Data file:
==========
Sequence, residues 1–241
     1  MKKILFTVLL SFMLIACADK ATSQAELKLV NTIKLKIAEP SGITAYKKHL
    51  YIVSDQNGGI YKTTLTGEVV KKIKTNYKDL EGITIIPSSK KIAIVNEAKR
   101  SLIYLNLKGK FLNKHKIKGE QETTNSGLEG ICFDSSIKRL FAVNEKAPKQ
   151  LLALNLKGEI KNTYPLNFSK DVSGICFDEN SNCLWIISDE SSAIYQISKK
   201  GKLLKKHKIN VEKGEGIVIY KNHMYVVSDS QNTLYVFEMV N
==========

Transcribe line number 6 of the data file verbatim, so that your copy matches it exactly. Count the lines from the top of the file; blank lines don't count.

   201  GKLLKKHKIN VEKGEGIVIY KNHMYVVSDS QNTLYVFEMV N